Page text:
HANSEN — Firefighters cut branches and cleared debris Wednesday around the Magic Mountain Resort as the Badger Fire continued to grow in the South Hills.
Bureau of Land Management Twin Falls District spokesperson Kelsey Brizendine said the structure protection efforts are precautionary at this point. But the fire is growing west and firefighters are preparing in case it reaches the resort.
Magic Mountain Resort co-owner Gary Miller said firefighters cleared away flammable materials around the lodge.
“They cleaned it down to minimal grass, saying, ‘You know, if it hits here we’re going to be prepared in advance so that we can save your lodge,’” he said.
“They’re still up there, some of them,” Miller said at 8 p.m. Wednesday. “I appreciate those firefighters. I know they’re tired. They’ve been working their tails off.”
The Badger Fire has burned 28,000 acres in the South Hills of the Sawtooth National Forest according to the U.S. Forest Service’s most recent update. There are 150 firefighters battling the blaze.
A Type 2 Incident Management Team — a bigger group of firefighters that has greater abilities — will be arriving to provide reinforcements in the next couple of days. That team had only been resting for a week after fighting fires in California. Sawtooth National Forest spokeswoman Julie Thomas said that team was the only one available — all the others are busy fighting other fires.
“Resources are almost impossible to get,” Thomas said.
The Forest Service issued a closure order for all of the Cassia County portion of the Sawtooth National Forest.
The Twin Falls County Sheriff’s Office issued mandatory evacuations for all campers and hunters in that county’s part of the forest, spokesperson Lori Stewart said. Mandatory evacuations have not been issued for homeowners who live in the foothills on the South Hills’ northern edge.
Miller said he spent his day cleaning up around the lodge and moving snowcats and equipment to the Magic Mountain parking lot so they won’t get destroyed if the fire sweeps through. If the fire comes to the resort’s buildings he intends to turn on the ski lift, because if the cables are moving they will be less likely to overheat and become damaged.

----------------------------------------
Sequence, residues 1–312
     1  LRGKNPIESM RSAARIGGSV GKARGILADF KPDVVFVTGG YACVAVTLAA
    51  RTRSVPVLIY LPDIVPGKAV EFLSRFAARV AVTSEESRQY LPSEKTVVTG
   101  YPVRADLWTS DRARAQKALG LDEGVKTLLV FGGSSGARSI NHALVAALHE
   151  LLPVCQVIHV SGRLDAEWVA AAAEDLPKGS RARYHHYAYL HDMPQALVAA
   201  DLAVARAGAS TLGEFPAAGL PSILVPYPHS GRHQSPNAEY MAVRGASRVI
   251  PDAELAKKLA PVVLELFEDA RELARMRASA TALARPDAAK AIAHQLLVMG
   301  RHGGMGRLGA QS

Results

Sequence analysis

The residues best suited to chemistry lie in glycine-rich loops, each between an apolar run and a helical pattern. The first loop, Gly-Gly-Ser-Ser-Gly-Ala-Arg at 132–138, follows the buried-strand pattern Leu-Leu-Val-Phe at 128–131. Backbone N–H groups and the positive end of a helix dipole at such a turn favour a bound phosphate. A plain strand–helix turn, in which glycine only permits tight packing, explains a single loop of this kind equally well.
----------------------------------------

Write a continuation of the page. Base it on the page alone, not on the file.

“It’s kinda scary,” Miller said. “The fire, you can see it. We went up top. You can see it at FS Flats (southeast of Magic Mountain) coming over the ridge. So it’s not that far away.”
At one point the smoke above the South Hills looked like a mushroom cloud.
“It was huge, it looked like a nuclear blast almost,” Miller said.
Firefighters told Miller the resort should be pretty safe, especially because the adjacent woods have already been thinned. Miller said he’s more worried about the potential social impacts than the financial costs. It’d be devastating to not be able to teach kids how to ski this winter. That’s the fun part of owning the mountain, he said.
Skiers have been reaching out.
“Today I probably had 10, 15 texts from kids that come up there and ski,” Miller said. “They’re the ones that are concerned about it.”
Miller will be back up on the mountain tomorrow, doing what he can to prepare the resort in case the fire continues to spread toward it. It’ll be a stressful day.
“It makes you nervous,” he said, “especially when you can see it and there’s nothing you can do. There’s nothing I can do about it other than prepare. … We just got to look at it positive.
“This world is kind of a mess right now, and you just have to greet it with a smile I guess. No sense in worrying about everything.”
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